Using data gleaned from semistructured interviews with seventeen community archives founders, volunteers, and staff at twelve sites, this paper examines the relations and roles of community archives and archivists in social justice activism. Our research uncovered four findings on the politics of community archives. First, community-based archivists identify as activists, advocates, or community organizers, and this identification shapes their understandings of community archives work and the missions of community archives. Second, community-based archives offer substantial critiques of neutrality in their ethical orientations and thus present new ethical foundations for practice. Third, by activating their collections, community archives play significant roles within contemporary social movements including struggles for racial justice and against gentrification. Finally, community archives are at the forefront of the profession in their engagements with activists. Community archives have much to contribute to practice and scholarship on activism, outreach, and public engagement with the past.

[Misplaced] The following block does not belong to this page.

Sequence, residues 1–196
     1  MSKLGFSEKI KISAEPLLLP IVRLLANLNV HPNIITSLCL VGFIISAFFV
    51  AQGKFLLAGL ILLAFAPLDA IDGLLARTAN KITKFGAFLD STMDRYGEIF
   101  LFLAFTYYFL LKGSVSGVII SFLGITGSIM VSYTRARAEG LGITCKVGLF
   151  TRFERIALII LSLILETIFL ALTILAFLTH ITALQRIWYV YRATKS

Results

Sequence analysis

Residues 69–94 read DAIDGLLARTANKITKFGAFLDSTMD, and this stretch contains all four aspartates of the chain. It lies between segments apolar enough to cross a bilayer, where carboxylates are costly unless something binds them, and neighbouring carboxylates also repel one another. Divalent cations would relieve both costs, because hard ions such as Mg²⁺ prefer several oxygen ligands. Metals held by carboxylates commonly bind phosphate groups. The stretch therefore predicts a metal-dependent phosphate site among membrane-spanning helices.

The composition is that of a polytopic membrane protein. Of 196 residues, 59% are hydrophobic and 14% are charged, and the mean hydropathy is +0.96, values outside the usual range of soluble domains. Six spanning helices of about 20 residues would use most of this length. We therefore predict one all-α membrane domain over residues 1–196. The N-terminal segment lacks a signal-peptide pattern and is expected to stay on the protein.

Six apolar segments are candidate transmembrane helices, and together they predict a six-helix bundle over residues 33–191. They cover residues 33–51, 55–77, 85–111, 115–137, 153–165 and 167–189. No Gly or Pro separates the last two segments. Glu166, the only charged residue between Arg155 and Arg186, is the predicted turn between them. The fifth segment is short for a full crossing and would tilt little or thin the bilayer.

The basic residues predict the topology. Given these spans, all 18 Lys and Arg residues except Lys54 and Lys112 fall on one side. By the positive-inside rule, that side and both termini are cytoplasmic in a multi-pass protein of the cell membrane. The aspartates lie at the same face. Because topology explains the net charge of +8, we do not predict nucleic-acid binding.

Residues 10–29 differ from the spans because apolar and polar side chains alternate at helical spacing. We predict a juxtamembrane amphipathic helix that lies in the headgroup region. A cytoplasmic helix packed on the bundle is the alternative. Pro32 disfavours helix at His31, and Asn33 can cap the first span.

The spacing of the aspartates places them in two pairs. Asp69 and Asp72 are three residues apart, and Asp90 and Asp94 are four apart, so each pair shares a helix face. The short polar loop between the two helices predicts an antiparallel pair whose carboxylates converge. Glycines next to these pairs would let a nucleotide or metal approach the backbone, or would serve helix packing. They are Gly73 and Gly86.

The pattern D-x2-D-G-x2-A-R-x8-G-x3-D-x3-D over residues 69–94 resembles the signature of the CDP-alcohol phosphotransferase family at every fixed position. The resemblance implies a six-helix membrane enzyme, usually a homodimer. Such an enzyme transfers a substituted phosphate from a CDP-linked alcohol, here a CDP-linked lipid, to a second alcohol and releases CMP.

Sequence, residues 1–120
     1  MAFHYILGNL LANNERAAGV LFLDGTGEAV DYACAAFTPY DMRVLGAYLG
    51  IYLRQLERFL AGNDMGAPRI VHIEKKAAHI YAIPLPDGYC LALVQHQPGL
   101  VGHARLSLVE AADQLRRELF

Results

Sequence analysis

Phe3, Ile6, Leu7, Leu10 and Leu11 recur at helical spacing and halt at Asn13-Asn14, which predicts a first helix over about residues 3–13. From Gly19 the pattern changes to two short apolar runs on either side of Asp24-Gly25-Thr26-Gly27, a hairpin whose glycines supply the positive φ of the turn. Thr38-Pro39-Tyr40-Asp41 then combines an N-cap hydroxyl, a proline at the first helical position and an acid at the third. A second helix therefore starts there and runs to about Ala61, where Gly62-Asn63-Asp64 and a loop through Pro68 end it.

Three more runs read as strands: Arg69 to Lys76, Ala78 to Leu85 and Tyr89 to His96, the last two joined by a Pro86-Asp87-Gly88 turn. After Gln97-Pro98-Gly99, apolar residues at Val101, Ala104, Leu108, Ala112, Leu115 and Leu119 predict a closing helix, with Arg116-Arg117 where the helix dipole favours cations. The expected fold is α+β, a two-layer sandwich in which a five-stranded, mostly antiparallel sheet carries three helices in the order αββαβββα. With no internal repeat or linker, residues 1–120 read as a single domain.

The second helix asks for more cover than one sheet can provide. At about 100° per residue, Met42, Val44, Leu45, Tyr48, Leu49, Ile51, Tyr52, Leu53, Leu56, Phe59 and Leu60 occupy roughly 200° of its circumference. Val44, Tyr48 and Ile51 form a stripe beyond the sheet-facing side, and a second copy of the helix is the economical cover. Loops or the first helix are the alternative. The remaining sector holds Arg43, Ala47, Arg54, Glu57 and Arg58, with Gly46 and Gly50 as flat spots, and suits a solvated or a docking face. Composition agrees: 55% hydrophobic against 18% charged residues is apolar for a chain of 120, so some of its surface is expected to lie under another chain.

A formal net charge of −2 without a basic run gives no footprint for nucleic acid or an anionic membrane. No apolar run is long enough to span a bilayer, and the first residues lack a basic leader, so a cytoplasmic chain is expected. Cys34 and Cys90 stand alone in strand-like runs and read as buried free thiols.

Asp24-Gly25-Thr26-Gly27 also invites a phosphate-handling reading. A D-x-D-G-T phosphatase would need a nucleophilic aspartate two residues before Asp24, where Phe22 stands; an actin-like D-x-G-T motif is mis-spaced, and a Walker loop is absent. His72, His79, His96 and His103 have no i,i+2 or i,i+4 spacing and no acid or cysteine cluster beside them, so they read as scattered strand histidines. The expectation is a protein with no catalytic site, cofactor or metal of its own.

Building on the author’s experiences as the co-founder and a board member of the South Asian American Digital Archive (SAADA), this article posits that independent, community-based archives are crucial tools for fighting the symbolic annihilation of historically marginalized groups.